The Great Train Robbery

Post date: Apr 14, 2019 8:28:38 PM

On October 12, 1989 Jimmy Johnson and Mike Lynn agreed on a trade that would go down as one of the most famous, (or infamous defending on which side you were on) in NFL history. Dallas was 0-5 and Jimmy Johnson was looking to move Herschel to build for the future.   Minnesota thought that Herschel could help them make a Superbowl run. 

Here’s how it originally went down.

Dallas Received

5 players: Darrin Nelson, Jesse Solomon, David Howard Issiac Holt and Alex Stewart

Minnesota Draft picks

1st: 1990

2nd: 1990

6th: 1990

Minnesota Received

1 player: Herschel Walker

Dallas Draft picks

3rd: 1990, and 1991

10th: 1990

But it wasn’t over.  Darrin Nelson refused to report to Dallas and was traded to San Diego for more picks. 

And even though the players Dallas received were better than most of his current players, Johnson knew that if he cut them, he would receive more (conditional) picks from the Vikings.   He claimed publicly that he had just committed The Great Train Robbery.  He told his coaches not to play them and informed the league of his intention to seek conditional picks and somehow worked out a deal with Mike Lynn to keep some of the players Solomon, Howard, and Holt) and the picks.  In other words, it could have been even worse.    

So here is how the final deal went.  (Remember, this doesn’t include the deals Dallas made with these picks to turn them into even more.)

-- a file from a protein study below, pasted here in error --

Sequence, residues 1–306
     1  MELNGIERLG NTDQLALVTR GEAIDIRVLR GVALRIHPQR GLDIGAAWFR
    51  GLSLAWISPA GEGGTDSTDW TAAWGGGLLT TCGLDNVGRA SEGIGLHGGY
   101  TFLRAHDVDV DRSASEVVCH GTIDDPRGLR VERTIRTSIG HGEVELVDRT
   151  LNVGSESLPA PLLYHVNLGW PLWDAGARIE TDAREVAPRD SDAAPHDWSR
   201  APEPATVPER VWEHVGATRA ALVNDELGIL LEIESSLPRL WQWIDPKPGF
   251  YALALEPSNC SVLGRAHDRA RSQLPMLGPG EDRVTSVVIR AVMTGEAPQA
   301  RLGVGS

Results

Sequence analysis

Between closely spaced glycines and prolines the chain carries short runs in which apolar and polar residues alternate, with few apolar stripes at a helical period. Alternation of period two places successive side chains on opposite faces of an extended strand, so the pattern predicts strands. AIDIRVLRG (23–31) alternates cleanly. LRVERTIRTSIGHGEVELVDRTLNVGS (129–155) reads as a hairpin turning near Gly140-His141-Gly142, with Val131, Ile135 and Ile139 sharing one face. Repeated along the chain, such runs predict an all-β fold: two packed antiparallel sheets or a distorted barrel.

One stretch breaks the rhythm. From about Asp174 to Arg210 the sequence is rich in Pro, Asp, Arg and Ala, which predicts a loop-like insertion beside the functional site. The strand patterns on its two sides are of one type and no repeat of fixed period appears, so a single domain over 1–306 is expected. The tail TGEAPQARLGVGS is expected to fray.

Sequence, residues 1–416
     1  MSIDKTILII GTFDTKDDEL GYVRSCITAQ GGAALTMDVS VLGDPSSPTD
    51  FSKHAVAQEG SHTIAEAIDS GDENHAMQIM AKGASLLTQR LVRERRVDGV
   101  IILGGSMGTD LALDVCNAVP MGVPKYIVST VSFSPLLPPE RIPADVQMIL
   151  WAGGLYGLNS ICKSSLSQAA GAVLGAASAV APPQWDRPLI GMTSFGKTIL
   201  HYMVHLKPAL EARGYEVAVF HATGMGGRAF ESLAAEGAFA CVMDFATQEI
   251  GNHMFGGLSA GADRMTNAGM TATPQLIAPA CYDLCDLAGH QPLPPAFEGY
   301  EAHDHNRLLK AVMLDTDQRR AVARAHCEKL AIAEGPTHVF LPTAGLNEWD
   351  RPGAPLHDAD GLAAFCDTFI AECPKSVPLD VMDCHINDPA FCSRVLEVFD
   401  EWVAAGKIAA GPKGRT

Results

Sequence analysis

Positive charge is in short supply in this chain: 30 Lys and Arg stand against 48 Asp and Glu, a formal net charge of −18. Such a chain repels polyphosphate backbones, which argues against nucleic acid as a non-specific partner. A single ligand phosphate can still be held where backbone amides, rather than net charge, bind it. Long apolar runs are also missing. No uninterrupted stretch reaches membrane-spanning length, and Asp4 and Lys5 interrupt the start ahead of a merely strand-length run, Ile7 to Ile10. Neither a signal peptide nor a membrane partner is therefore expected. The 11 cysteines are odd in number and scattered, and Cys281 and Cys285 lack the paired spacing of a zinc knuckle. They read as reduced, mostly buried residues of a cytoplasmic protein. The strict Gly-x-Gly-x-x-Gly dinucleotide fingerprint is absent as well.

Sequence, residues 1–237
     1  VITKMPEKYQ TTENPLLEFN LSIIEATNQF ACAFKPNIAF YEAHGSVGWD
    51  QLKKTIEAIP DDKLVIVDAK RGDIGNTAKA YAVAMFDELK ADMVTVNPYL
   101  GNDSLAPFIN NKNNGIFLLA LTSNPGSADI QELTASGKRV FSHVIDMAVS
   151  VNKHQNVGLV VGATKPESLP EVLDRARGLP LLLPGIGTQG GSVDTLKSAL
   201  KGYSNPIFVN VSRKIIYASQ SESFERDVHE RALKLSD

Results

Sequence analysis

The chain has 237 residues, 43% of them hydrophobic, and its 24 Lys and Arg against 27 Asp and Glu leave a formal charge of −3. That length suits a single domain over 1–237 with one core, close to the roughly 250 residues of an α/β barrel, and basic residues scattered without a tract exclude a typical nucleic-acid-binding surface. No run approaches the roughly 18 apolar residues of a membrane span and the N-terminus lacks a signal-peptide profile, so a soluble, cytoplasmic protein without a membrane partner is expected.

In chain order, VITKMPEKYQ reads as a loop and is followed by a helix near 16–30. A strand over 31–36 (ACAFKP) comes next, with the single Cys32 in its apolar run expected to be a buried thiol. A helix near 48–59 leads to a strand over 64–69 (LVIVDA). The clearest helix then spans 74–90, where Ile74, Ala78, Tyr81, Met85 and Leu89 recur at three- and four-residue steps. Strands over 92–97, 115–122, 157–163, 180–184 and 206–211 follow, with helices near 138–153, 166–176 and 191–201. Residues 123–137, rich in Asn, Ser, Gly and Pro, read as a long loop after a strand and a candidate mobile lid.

Dallas Received

4 players: Jesse Solomon, David Howard, Issiac Holt and Alex Stewart (he was cut)

Minnesota Draft picks:

1st: 1990, 1991 (conditional-Solomon), 1992 (conditional-Holt)

2nd: 1990, 1991 (conditional-Howard), 1992 (conditional-Nelson)

3rd: 1992 (conditional-Stewart)

6th: 1990

Minnesota Received

1 player: Herschel Walker

Dallas Draft picks:

3rd: 1990, and 1991

5th: 1990

10th: 1990

San Diego Received

1 Player: Darrin Nelson


Fun Facts

-Apparently Dallas originally contacted Cleveland and was ready to deal Herschel there, but Jimmy Johnson thought getting another team involved might sweeten the deal and possibly cause a bidding war.  He contacted the Vikings because apparently Mike Lynn had mentioned something to Johnson about Herschel previously.

-Herschel had to be persuaded to agree to the deal.  He received a large exit bonus from Dallas as well as a new house and a Mercedes from the Vikings. 

-Dallas fans and most of the media were not happy at the time of the trade.  They felt what they were getting from Minnesota was worthless. Jimmy Johnson’s assistants weren’t real keen on it either and tried to talk him out of it. 

-This was before the North Stars moved and after “Hail Mary/Drew Pearson Push off”.  Minnesota seems to have an unhealthy cosmic sports connection to Dallas.  Suck it Dallas!

-The trade could have been worse.  Jimmy Johnson could have extracted even more compensatory picks from Mike Lynn.  Lynn had to negotiate a settlement with Johnson the following February to stop the bleeding. 

We all watched Herschel run out of his shoe in his first game with the Vikings.  I’ll never forget exactly where I was and how excited I felt.  I thought that this could be it.  I was 16 years old.  Herschel only played with the Vikings for 2 more season after that.  He signed to play with Philadelphia in 1992.  The painful irony of the situation is that the draft picks lasted longer for Dallas than Herschel did in Minnesota.  While Herschel moved on to Philly and the Cowboys were headed to Jimmy Johnson’s first Superbowl (1992 season), the Vikings were still paying for it and had to sit there and watch it all.



Herschel photo - St Cloud Times 

Star Tribune Clip

Pro Football Reference